Today, the World Food Programme (WFP) was awarded the Nobel Peace Prize for its efforts to combat a surge in global hunger amid the coronavirus pandemic. To congratulate on the award, Lawrence Haddad, GAIN Executive Director, sent the following message to David Beasley, Executive Director of the World Food Programme.
Eggs are packed with essential fatty acids, vitamins and minerals, but too few enjoy access to this critical source of protein. This week, GAIN is celebrating this "super food" and honouring the contributions of "food heroes" - individuals who throughout the COVID-19 pandemic have continued to bring eggs to market and onto the table, especially for young children.
As the COVID-19 pandemic shifts into its second phase, food fortification has never been so necessary in the fight against malnutrition, according to a call to action endorsed by Food Fortification Initiative, Global Alliance for Improved Nutrition, Helen Keller International, Iodine Global Network, Nutrition International, the Scaling Up Nutrition Movement, UNICEF and the World Food Programme.
A few months ago, a new analysis came out with a shocking number: about 1.6 billion people could not afford a healthy, sustainable diet. A few weeks ago, the publication of the 2020 "State of Food Insecurity and Nutrition in the World" (SOFI) report further rocked the food and nutrition community with an even more startling number: an estimated 3 billion people could not afford a healthy diet.
With a year to go, the Summit will offer a platform like no other to bring together key players from the worlds of government, science, business, policy, and academia, as well as farmers, indigenous people, youth organisations, consumer groups, environmental activists, and other key stakeholders.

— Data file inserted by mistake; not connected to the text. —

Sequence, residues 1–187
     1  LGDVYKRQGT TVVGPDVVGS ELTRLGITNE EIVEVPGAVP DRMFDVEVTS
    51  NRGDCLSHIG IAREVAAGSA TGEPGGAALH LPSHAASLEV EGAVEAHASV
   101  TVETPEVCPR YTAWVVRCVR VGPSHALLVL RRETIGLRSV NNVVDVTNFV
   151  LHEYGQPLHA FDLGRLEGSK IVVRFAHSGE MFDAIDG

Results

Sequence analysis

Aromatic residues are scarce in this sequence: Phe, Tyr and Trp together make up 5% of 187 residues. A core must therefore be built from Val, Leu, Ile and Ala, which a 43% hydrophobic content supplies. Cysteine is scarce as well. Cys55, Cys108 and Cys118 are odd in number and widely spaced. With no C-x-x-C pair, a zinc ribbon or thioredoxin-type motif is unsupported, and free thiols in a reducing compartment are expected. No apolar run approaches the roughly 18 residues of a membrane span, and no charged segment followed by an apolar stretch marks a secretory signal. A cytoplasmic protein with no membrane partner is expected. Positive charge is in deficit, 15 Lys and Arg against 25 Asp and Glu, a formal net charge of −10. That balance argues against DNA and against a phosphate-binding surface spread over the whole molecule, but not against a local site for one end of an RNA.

Today the United Nations Special Envoy, Agnes Kalibata, announced experts across the fields of food, agriculture, health and climate change who have committed to advance solutions to make food systems more resilient and inclusive through the UN Food Systems Summit in 2021.
The COVID-19 crisis has demonstrated that humanity is placing too much pressure on the natural world and has laid bare profound inequalities in societies. Deforestation, wildlife trade and conversion of land for highly intensive and unsustainable agriculture and livestock production, are destroying ecosystems and increasing interactions between wildlife and humans, opening the door to infectious disease outbreaks.
My first exposure to the effects of malnutrition occurred in 1999 in central war-torn Angola. Due to the armed conflict, hundreds of thousands of internally displaced people (IDPs) were fleeing their homes and hunkering down in various camps huddled around the outskirts of the main town.
For many adolescents, COVID-19 has meant school closures, little contact with friends and a frustrating barrier to their lives and livelihoods. As difficult as those challenges are, however, the coronavirus has had even more serious repercussions. Namely, food and access to it. Although the data is still coming in, it appears that COVID-19 could reverse decades of hard-won gains when it comes to food security.
New estimates show that the COVID-19 pandemic will lead to widespread increases in malnutrition due to disruptions in food, health and social protection systems. Lockdown measures are disrupting the production, transportation, and sale of nutritious, fresh and affordable foods, forcing millions of families to rely on nutrient-poor alternatives.